The odds were against us when we set off west on Northwest Highway armed only with the address of a taquería and a phone number that was out of service or recently changed. At least we knew there were other taquerías and Mexican restaurants in the vicinity of Webb Chapel and Northwest Highway: If we couldn't hit our taquería target, my family and I could eat somewhere else. Alas, our intended destination indeed proved non-existent.
The search was long, but in a nutshell went something like this:
"How about that one?" asked my wife, Jessica, while our 2-year-old chanted, "tacosbeansrice tacosbeansrice" from his car seat. "Or that one?"
"Nope. But that restaurant seems nice. Seems like it would be kid-friendly."
There was only one car, a pickup truck with an extended cab, parked in front of the Bella Vista Restaurant. Its colorful awning lured us. Its interior, however, stunned us. More of a club than a restaurant, Bella Vista's main dining area was confined to the front. The whole space was dark and in need of Windex. The portly gentleman who seated us looked equally stunned to see a young family cross the threshold. He escorted us to a booth, anyway. The tables and vinyl booths were tacky. A haggard woman poked at her food, questioning its edibility. If the boy decided that he was finally tired of tacos (for the day) and threw a tantrum, there would be no need to worry. The woman would surely be done soon, leaving us the sole customers. Then I saw an advertisement for a drag show. What I didn't see were tacos on the menu. "Let's go," I told the missus, not wanting a repeat performance of my time at Lupita's.
"What do you think of that one?" she said pointing at a low sign, the word "Bongos" spread across it. Below the sign was another, this one exclaiming "Tex-Mex & Beer Delivered!" next to the image of a headless, bikini-clad woman.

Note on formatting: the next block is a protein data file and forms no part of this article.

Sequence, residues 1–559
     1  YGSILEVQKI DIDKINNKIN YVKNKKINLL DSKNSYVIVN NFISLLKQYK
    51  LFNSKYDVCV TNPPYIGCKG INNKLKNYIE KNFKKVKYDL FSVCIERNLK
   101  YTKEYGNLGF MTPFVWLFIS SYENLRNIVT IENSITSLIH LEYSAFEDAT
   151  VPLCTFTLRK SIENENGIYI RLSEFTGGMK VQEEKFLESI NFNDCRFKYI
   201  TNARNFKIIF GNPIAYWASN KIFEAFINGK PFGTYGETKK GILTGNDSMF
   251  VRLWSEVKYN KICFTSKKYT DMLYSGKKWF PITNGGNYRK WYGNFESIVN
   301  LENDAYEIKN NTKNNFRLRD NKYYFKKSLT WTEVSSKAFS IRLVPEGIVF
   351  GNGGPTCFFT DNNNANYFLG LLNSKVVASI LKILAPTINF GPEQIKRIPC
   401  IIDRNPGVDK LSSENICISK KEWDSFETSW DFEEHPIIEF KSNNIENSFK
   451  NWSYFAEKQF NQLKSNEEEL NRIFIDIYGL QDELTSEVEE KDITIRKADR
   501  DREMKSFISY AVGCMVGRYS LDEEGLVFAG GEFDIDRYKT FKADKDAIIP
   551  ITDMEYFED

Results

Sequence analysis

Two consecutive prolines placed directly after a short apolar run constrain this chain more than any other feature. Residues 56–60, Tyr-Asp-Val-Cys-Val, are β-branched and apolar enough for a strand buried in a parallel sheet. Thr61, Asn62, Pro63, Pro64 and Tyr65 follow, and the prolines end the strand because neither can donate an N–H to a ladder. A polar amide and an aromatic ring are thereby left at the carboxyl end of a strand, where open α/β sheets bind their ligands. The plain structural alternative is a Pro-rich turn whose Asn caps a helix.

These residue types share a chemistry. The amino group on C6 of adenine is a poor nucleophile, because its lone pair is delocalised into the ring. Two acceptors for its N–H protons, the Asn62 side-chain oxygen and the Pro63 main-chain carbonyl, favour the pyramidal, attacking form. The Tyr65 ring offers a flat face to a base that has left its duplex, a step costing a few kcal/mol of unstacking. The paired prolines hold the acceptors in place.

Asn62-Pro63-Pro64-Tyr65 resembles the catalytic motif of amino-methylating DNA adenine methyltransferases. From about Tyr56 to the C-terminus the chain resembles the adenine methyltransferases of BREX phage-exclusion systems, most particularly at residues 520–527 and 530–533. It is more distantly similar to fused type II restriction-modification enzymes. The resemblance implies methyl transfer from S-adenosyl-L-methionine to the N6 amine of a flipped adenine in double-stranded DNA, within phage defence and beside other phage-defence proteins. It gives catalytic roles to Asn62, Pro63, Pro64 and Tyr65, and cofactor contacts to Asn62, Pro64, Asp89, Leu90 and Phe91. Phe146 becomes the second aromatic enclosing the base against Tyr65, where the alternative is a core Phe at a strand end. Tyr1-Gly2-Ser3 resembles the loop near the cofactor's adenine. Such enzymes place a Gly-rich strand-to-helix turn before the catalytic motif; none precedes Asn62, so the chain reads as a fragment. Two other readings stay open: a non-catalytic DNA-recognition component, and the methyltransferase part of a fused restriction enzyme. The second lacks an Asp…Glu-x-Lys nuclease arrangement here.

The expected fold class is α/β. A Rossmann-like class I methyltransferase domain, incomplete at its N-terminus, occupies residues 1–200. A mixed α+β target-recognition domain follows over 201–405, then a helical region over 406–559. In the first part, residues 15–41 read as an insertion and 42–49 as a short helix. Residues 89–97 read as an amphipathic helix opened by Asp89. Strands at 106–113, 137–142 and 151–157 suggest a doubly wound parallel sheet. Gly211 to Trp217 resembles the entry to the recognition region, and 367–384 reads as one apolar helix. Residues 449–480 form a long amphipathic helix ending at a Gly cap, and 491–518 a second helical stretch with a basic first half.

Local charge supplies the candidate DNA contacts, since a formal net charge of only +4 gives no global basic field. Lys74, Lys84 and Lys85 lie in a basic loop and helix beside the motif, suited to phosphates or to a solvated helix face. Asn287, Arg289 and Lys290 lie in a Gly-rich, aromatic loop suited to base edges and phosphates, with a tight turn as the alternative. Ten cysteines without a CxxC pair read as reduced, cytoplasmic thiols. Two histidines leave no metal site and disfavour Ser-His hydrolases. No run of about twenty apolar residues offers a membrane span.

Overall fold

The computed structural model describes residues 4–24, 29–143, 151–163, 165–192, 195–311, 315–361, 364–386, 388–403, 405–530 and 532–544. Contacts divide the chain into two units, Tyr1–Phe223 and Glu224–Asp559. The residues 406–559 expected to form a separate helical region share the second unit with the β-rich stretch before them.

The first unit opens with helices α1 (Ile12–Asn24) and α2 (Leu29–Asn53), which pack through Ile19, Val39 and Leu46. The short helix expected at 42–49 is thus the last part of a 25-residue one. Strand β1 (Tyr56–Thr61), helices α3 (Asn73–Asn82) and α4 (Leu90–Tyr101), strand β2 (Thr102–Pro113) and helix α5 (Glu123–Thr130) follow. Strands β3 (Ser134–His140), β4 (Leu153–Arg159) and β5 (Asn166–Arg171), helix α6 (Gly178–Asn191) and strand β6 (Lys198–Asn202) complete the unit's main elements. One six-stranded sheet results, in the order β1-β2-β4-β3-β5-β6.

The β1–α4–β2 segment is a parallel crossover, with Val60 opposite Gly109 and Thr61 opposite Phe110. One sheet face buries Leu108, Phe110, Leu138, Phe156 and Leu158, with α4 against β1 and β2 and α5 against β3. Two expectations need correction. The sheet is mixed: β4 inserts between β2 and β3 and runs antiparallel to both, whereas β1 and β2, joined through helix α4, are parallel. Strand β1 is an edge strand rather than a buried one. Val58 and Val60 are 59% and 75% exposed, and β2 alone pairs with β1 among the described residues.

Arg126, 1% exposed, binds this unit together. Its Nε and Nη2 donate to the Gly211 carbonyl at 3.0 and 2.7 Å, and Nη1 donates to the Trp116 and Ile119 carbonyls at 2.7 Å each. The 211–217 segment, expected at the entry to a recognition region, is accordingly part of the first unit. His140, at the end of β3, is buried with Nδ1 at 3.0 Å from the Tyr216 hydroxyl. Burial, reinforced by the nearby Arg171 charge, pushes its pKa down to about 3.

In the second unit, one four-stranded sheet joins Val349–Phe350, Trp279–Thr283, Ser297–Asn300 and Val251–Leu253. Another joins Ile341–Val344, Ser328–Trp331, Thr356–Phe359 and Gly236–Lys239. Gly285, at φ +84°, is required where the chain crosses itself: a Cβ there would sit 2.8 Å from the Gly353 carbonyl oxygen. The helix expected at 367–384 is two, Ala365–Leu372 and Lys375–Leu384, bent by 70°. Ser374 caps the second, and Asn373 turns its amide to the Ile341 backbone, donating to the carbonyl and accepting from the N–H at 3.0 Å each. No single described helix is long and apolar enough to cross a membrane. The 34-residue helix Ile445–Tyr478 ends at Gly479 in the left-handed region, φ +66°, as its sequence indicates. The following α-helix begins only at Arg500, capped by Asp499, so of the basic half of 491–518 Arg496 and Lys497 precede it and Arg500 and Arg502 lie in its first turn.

"Yes!" Bongos, a chunk of a Mexican spring break dropped across from Love Field, would have to do.
Out front was a patio covered with dried palm fronds and a net atop a wood frame. Hokey nautically themed tchotchkes and Mexican beer memorabilia decorated the outdoor space. A deteriorating boat "beached" on fine sand shook as planes came in for a landing. Toward the side was a counter, the words "Taco Bar" above it. Bongo would certainly do. Inside was much of the same with a disparate soundtrack bonus including Jimmy Buffett and Celia Cruz.
Ruddy-faced owner Sean "El Patrón" Gunnell staffs his beach-bum shack with young ladies dressed in tight shirts and even tighter shorts. I wasted no time ordering our food, and, beneath the blank stare of a fiberglass marlin, we feasted on unexpectedly good tacos.
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The superlative offerings were the lengua and pastor. The lengua was simply presented and not overcooked to the point of rubber. The seasoning didn't conceal the fact that the meat was tongue. The pastor was dark red in color with touches of charring. It was nothing spectacular, but after a few hours on a plane, a taco al pastor will bring you back down to earth, welcoming you home to Dallas. That is, if you're not too afraid to enter any of the myriad dingy taquerías surrounding Love Field.
The picadillo was a mushy ball of grainy meat and mushy potatoes. Still, Jessica enjoyed the picadillo, saying it reminded her of the tacos her grandmother and mother made when she was a child. Shredded chicken was a bird's nest. One bite was all it took for me to offer it to the taco vacuum I call my offspring. He'd have none of it either. What he would have was plenty of the soccer game broadcasting in Spanish, the beach ball next to the TV, smiles from the waitress and the lengua taco. His first. If for nothing else, eating at Bongos was a success because my son decided to try something new. It's almost enough to entice a return excursion to check out the salsa lessons or the musical stylings of El Farahon and his keyboard, which pack the dining room on Sunday nights. Bongos was quite the catch for a last-ditch effort.
Bongos Latin Grill
3625 W Northwest Hwy